Sunday, July 31, 2011

Balboa Park, San Diego ... and Birds

On June 15, we took a day trip to San Diego to take in the sights, so I thought I'd might try to do some birding in Balboa Park while we were there. 

Balboa Park, San Diego, CA; 6/15/2011.
Because there were lots of beautiful sites, I didn't concentrate on birds as much as I'd like to but here is the small  list of birds I was able to identify: California Towhees, House Finches, House Wrens, Western Bluebird (FOY), Black Phoebes, Mourning Doves, Song Sparrows, House Sparrows, Lesser Goldfinch, Red-shouldered Hawk* (FOY), Anna's Hummingbird* (FOY) and Black-chinned Hummingbird (FOY).
* The Red-shouldered Hawk and Anna's Hummingbird were additions to my Life List (#303 & #304).

California Towhee

Black Phoebe

Female Lesser Goldfinch

House Wren

Young House Wren - just out of the nest

Mourning Dove
Although not a great photo, this is the first time I was able to identify a Red-shouldered Hawk.

Song Sparrow - Pacific variety.

Balboa Park, San Diego, CA; 6/15/2011.

Balboa Park, San Diego, CA; 6/15/2011.
During my next couple of posts, I will highlight  my photos of the Western Bluebird,  Anna's Hummingbird, and  the Black-chinned Hummingbird from Balboa Park.

Sunset of the Day

The evening sun lighting up the vapors from the PuuOo Volcanic eruption, Hawaii; 6/30/2008.

Saturday, July 30, 2011

Yellow-breasted Chat - Western Birds

Yellow-breasted Chats are pretty much found throughout the U.S from coast to coast with the exception of  the high elevations of the Rockies, the extreme northeast, and a few spotty areas in the borders of Oklahoma, Texas and New Mexico.  Even though they are found in Illinois, I have never seen one in Illinois, as they are considered uncommon and secretive and tend to hide in the dense brush.
A Yellow-breasted Chat, Crystal Cove State Park, CA; 6/17/2011.
On the very last day I had in Newport Beach, California, I decided to make one last trip to Crystal Cove State Park before I had to pack off.  After a couple of hours (and running a cross a Bobcat and several roadrunners), I needed to head back, and on my return I heard this loud chattering fly past behind me, and I saw the bird which made the noise land on an open branch a good 100 feet from me. It wasn't in the best light, but I snapped a photo, and before I could get a second shot, off it went chattering a way out of sight.  Even though I never saw one before, by the brief look I had of it and my recall of the many images in bird books I've leafed through, I hoped it was a Yellow-breasted Chat. And sure enough after looking at its image on my LED screen, it was (Above), and it became #305 on my Life List.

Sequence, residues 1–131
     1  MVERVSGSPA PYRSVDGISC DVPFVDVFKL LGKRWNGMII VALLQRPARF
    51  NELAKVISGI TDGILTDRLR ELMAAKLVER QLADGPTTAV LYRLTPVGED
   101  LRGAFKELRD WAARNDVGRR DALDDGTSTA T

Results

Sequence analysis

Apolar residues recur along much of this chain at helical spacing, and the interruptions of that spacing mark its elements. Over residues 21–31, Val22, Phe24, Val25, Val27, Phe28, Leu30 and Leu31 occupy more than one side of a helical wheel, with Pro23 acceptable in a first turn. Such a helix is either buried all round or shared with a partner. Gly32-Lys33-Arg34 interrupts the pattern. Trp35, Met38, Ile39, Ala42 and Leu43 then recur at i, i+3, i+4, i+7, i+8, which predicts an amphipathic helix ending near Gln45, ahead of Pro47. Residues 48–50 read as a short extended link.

These birds are from the warbler family, and is one of the very few warblers found in the extreme West. They are fairly large at 7 1/2" long and (as their name suggests) are noted for their very bright yellow breast, white spectacles, and olive-gray back, head, and tail. Their yellow breasts give way to a white under belly.

Crystal Cove State Park was good to me in the 5 days I spent some time there. I identified 40 species, 23 of which were FOYs, and added 11 new birds to my Life List.

Crystal Cove State Park, CA (6/13-6/14 & 6/16-6/17)
Birds Identified: Mourning Doves, Common Yellowthroats, Brown Pelicans (FOY), American Crows, Common Ravens, Brewer's Blackbird (FOY), Brown-headed Cowbirds, California Gulls (FOY), Heerman's Gulls (FOY), California Quail (FOY), Greater Roadrunners (FOY), California Towhees (FOY), Spotted Towhees, House Finches, Lesser Gold Finches (FOY), Mallard Duck, Song Sparrows, Chipping Sparrows, Savannah Sparrows, House Sparrows, Starling, Black Phoebes (FOY), Says Phoebe, Double-crested Cormorants, California Gnatcatchers  (FOY), Bushtits  (FOY), Wrentits  (FOY), Ash-throated Flycatchers  (FOY), Bullock's Oriole  (FOY), Coopers Hawk  (FOY), Black Skimmers  (FOY), Allen's Hummingbird  (FOY), Bewick's Wren  (FOY), House Wrens, Cassin's Kingbird  (FOY), Yellow-rumped Audubon's Warbler  (FOY), Yellow Warblers, Cliff Swallows  (FOY), Northern Mockingbird  (FOY), and a Yellow-breasted Chat  (FOY).